Failure in Mediation? – Choose Mediation Lawyers In Fort McMurray
Mediation is a process by which parties on each side of a dispute come together to attempt to reach a compromise between their respective positions, or to reach a solution that can even sometimes become a “win-win” situation for both parties and their families.
Mediation occurs on a “without prejudice” basis, meaning that any positions taken or statements made cannot be used against you in court. This encourages an open dialogue that can create the possibility of common ground, and avoid the delay associated with waiting for an outcome at trial - an outcome that can sometimes be “all or nothing”.
Mediation can be a very fruitful process, and many litigation matters reach settlement because of the process. However, several factors may doom mediation to failure, sometimes before it has begun.
Genuine Limits to the Parties’ Positions
Mediation will only be successful if there is at least some overlap with respect to the parties’ possible final positions. This overlap will only be possible if both parties are willing to compromise on certain items. If either side is simply unwilling to budge or takes too rigid a position on any given issue, the usefulness of mediation is significantly limited.
Choosing the Wrong Mediator
When mediating, it is always good for the parties to select a mediator who is non-partisan and neutral. A mediator with significant background in the practice area of law at issue will be advantageous. A mediator will often provide input about the merits of the case and the risks to each party should they proceed to a hearing in court. This input will generally hold more weight if the parties know that the mediator’s opinion is based in a wealth of relevant experience.
In other words, each party may be more willing to accept the mediator’s word on the risks of proceeding with litigation, and may be more compelled to carefully consider the merits of settling, if the mediator is reputable and has significant experience. The parties are less likely to take the mediation process as seriously, and less likely to soften their positions based on the opinions of an inexperienced mediator.
For the parties, their lawyers and the mediator to have a legitimate understanding of the strengths and merits of each party’s case, all available facts and information must be made known. If the parties have not exchanged all documents and relevant information, or if information sought by either party has not been provided, mediation is unlikely to be successful.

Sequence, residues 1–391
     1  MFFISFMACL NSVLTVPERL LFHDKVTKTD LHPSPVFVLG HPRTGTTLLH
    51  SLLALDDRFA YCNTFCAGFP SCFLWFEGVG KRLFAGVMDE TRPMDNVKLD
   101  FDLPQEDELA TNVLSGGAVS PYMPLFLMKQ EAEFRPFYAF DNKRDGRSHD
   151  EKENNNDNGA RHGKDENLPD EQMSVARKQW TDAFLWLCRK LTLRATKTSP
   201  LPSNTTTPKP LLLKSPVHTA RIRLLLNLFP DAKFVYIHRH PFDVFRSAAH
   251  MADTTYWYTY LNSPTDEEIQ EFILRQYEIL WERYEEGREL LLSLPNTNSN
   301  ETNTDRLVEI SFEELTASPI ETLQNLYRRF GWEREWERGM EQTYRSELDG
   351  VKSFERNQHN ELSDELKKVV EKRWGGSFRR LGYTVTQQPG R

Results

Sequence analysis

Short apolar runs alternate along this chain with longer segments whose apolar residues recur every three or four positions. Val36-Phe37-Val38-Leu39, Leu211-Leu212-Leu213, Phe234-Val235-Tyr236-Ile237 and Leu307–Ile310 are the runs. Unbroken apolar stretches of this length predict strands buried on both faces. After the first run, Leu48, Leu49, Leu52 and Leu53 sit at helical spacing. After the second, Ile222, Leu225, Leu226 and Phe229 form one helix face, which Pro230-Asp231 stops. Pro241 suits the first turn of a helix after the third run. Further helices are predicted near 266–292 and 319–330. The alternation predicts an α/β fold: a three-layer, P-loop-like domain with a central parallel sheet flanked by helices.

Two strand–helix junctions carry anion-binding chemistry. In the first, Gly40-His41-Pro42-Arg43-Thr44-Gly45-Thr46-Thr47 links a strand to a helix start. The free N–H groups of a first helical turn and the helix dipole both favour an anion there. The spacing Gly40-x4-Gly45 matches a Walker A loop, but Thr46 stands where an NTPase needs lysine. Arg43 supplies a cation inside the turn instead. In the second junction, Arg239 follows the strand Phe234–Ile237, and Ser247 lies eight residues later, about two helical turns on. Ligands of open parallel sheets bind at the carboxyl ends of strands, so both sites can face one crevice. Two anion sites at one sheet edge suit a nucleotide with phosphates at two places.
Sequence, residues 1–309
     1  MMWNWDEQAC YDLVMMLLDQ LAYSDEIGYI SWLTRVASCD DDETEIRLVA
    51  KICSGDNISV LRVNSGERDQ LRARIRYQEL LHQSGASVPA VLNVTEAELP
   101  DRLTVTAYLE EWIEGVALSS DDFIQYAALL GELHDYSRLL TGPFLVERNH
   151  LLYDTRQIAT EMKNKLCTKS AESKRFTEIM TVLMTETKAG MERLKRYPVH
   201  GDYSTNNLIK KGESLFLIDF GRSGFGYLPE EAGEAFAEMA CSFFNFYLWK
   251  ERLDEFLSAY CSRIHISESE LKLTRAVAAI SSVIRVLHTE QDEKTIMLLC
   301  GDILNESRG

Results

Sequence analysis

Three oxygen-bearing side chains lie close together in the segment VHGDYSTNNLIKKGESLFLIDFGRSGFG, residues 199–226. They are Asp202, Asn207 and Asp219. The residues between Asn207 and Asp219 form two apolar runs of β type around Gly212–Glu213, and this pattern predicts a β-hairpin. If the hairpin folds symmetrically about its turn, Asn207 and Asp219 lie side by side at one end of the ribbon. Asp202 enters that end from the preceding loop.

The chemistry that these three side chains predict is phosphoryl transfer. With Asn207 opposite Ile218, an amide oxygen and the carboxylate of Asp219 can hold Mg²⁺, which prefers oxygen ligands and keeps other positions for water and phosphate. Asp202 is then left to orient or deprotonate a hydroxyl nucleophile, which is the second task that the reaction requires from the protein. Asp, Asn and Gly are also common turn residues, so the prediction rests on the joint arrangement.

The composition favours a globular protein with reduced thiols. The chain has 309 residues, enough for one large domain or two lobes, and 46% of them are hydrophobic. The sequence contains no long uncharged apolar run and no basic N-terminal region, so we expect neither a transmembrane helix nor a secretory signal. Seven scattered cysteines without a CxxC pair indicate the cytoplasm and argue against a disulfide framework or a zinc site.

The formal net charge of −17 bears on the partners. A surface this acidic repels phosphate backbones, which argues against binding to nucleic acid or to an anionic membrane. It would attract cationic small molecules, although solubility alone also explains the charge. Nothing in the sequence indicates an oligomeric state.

Each party will want to know the full case the opposing party will be able to make against him or her in court to clearly understand both the risks of his or her own case and how strong the other party’s evidence is in favour of his or her own position.
If you are dealing with an extremely hostile party, mediation may be fruitless and a waste of money. While a good mediator may be able to make a hostile or rigid party soften his or her position, some people are too angry to be convinced to see things rationally.
If the mediating parties are too mistrusting of each other, or if they simply cannot get along in a face-to-face scenario, mediation may be useless. Although mediation is a without prejudice process, parties that are too mistrusting of each other will never trust one another to be upfront and “put all of their cards on the table,” even at mediation. One party may mistrust the other to the extent that he or she does not trust the other party to even honour the confidentiality requirements associated with the mediation process.
Positions Taken are Inadequately Explained
Too often, mediation becomes a back-and-forth game of asking each party “how low” they will go, rather than genuinely engaging with the issues. A good mediation should always involve both parties explaining in detail the legal rationale for their position on each specific issue, and give some indication as to the degree of compromise that can be expected (i.e., by fully explaining the merits and risks associated with their position).
If one party can show that they bear very low legal risk in respect of a particular issue, based on the facts and existing law, the other party may be more understanding as to why that first one takes a rigid position on that issue and be better enabled to recognize when a genuine compromise is being made.
Contact Flett Manning Moore for a Lawyer in Fort McMurray About Your Options
A good Fort McMurray lawyer at our firm will guide you through your options when it comes to mediation and other dispute resolution processes, prior to resorting to litigation. He or she will also be able to identify whether mediation is a good choice at this stage in your family law dispute, in light of the relationships between the parties and the information that has been exchanged to date.
If mediation is advisable in your circumstances, an experienced lawyer will be able to recommend the right mediator for your case, and help ensure that you are getting value for the money spent on mediation, particularly as an alternate dispute resolution to court. At Flett Manning Moore, we are experienced in mediating a variety of family law issues or representing a party undergoing mediation. Call us for a consultation at 780-799-9290.